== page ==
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Kenya to begin repatriation of Somali refugees

The Kenyan government said arrangements have been finalized to begin voluntary repatriation of thousands of Somali refugees living in Dadaab camp in northeast region.
Cabinet Secretary for Interior Joseph Ole Lenku also appealed to the international community to provide resources for the reconstruction of infrastructure in Somalia to make the repatriation a success.
“On the forthcoming voluntary repatriation of refugees from Somalia, preparations are at advanced stage where the pilot phase is set to be launched in the next few weeks,” Lanku said at the Dadaab refugee complex late Wednesday during a visit by the UN Secretary General Ban Ki-Moon.
“As we prepare for the voluntary repatriation, it is important for the receiving areas to be adequately prepared. For this reason, Kenya requests the international community to provide more resources for construction of roads, health facilities, police station, and schools among other socio-economic amenities,” he said.
The East African nations host more than 600,000 refugees from 36 nationalities who flee conflict from the Horn of Africa and the Great Lakes region. Somali refugees in Kenya are estimated at 500, 000 and the number have increased due to turmoil and recurrent droughts in the Horn of Africa state.
With parts of Somalia showing signs of increasing stability, countries hosting Somali refugees are considering the potential to encourage them to return, while some Somalis have spontaneously decided to move back to areas under government control.
Lenku said many refugees, over 200,000, have accessed and gained good formal education and skills that will help them contribute positively towards the re-building of their country when they return.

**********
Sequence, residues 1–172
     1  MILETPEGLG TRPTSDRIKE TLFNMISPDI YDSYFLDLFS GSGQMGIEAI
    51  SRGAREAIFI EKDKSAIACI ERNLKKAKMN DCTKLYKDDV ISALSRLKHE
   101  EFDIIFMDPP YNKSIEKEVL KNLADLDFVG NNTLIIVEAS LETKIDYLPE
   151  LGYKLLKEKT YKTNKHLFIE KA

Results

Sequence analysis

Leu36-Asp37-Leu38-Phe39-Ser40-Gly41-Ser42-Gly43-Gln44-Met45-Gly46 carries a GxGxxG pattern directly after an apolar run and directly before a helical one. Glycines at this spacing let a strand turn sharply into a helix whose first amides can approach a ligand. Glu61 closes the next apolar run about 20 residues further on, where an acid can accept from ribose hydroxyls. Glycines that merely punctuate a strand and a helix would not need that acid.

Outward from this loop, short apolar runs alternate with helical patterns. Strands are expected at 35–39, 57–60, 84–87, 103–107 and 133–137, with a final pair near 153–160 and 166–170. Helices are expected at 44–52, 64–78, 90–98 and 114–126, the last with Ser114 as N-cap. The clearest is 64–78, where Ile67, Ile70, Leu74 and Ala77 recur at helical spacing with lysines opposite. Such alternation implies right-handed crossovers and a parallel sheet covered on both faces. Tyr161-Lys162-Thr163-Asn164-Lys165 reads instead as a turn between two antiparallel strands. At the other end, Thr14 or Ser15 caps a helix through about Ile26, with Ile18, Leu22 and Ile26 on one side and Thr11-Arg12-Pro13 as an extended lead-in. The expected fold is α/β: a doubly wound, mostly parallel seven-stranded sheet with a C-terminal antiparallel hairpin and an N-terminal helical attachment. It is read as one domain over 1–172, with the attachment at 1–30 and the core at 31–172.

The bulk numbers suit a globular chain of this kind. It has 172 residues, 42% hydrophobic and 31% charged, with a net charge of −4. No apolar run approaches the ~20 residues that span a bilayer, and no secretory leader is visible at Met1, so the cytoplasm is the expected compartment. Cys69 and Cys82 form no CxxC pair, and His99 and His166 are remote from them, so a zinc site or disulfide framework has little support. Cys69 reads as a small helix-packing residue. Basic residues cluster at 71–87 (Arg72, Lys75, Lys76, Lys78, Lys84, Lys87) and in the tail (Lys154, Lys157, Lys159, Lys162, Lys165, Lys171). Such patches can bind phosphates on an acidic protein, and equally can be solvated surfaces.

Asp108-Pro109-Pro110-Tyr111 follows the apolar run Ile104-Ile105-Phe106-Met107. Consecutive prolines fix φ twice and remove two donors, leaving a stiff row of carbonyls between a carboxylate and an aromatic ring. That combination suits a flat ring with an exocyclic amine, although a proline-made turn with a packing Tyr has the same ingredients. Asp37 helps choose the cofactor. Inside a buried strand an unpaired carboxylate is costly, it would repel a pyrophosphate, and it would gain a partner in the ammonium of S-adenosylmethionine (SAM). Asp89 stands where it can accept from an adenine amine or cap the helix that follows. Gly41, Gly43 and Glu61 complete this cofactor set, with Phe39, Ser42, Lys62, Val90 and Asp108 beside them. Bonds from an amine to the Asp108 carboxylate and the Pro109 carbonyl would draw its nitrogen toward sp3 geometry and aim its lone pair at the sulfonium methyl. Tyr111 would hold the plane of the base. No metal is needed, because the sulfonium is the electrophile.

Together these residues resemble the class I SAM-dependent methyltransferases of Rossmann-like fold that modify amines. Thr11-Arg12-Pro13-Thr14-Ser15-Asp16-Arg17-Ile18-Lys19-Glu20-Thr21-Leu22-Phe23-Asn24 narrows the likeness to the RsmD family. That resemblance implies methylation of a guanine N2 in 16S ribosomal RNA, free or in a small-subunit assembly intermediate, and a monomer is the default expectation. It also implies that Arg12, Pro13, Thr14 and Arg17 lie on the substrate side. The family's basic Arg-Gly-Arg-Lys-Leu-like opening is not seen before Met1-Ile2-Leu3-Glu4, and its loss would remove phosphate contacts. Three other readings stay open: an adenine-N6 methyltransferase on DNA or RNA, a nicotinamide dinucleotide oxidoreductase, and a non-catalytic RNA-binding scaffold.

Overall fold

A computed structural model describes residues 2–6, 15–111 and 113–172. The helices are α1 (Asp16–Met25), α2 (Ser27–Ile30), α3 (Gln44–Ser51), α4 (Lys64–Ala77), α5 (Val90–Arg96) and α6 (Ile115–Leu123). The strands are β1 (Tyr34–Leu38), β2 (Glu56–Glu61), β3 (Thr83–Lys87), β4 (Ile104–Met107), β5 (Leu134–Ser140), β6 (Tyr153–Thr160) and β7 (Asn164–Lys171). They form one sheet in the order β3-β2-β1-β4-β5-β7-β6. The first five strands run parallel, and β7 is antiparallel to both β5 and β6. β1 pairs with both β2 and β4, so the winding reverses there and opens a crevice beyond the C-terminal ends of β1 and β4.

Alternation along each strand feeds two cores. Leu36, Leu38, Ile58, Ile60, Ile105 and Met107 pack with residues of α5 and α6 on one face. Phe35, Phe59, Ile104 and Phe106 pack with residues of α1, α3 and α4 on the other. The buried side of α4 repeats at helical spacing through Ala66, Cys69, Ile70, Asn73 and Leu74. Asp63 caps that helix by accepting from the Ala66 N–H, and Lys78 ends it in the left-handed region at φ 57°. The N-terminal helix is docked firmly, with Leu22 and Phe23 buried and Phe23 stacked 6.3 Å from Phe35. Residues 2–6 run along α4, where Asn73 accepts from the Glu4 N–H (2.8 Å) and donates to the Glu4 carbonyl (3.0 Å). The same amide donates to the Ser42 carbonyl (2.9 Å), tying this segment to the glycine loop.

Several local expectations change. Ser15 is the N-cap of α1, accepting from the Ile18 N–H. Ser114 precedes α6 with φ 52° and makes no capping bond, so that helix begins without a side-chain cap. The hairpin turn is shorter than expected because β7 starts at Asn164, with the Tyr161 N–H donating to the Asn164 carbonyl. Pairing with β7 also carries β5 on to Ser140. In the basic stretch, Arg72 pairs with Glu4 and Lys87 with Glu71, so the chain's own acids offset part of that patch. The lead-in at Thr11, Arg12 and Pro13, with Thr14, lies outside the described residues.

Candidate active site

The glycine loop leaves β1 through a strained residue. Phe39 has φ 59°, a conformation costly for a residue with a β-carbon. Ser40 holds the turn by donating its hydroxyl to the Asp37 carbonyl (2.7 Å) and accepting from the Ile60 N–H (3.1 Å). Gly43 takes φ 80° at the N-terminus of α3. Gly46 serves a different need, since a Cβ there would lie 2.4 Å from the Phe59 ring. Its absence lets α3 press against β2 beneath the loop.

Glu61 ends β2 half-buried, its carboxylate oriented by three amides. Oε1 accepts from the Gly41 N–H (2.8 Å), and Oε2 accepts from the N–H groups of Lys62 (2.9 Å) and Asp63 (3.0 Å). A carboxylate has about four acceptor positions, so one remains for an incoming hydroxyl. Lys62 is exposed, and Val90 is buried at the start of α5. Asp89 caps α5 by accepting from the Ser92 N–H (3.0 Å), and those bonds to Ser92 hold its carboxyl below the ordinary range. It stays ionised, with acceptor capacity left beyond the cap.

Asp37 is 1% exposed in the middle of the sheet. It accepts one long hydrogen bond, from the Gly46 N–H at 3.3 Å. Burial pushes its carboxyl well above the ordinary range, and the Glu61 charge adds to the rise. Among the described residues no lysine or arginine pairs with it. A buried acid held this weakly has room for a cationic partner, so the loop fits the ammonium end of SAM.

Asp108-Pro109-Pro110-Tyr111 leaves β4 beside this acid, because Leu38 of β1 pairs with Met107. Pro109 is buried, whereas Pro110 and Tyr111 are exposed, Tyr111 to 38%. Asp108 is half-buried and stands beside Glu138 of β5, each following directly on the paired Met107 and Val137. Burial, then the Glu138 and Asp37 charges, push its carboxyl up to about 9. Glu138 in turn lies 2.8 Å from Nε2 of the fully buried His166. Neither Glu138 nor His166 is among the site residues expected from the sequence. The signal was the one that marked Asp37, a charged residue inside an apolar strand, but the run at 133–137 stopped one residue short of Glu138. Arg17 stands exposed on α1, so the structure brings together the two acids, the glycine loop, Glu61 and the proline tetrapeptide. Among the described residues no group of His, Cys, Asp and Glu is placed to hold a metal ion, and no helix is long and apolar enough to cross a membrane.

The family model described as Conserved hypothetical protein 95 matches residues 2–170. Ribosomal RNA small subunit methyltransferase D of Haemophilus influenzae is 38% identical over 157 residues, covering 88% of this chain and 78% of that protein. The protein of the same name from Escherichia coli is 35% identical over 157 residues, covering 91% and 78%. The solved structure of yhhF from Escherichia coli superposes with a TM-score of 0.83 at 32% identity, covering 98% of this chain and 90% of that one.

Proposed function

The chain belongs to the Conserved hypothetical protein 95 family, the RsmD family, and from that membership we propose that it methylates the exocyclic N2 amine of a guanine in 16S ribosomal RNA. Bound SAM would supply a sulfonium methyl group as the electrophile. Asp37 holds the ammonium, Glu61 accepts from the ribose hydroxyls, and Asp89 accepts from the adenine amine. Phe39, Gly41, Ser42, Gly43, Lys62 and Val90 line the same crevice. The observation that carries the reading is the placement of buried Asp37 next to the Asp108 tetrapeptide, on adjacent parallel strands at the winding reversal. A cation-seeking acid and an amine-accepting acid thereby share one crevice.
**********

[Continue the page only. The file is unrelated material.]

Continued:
He called for more economic and infrastructural support for the host communities in Kenya to restore the environment and other imbalances occasioned by hosting refugees and related activities. “As a government, we believe that the most realistic and sustainable solution for refugees is voluntary repatriation,” Lenku said.
The CS said Kenya has continued carrying out her international obligations towards the refugee community amid security concerns and other challenges. He also promised greater engagement on the part of the international community on Somalia to help sustain the momentum on the recovery and stability of the Horn of Africa nation.
“However, as the country and international community supports the protection of refugees’ rights and needs in Kenya, the world should not overlook the national security interests of Kenya and the region,” Lenku said.
Speaking during the tour, Ban Ki-Moon thanked Kenya for providing safe haven to refugees. He encouraged Kenya’s continued full support to the refugees, including medical services and other humanitarian assistance as well as their safe and voluntary return.
The UN chief visited the refugee camp, which hosts a large number of Somali stabilization center. He also met with refugees and toured the hospital there, including its maternity ward and nutrition refugees and their host communities.
Somalia has been undergoing a peace and national reconciliation process after decades of factional fighting, with a series of landmark steps that have helped bring an end to the country’s nine- year political transition period and the resulting security vacuum which rendered Somalia one of the most lawless States on the planet.
These steps included the adoption of a Provisional Constitution, the establishment of a new Parliament and the appointments of a new President and a new prime minister.

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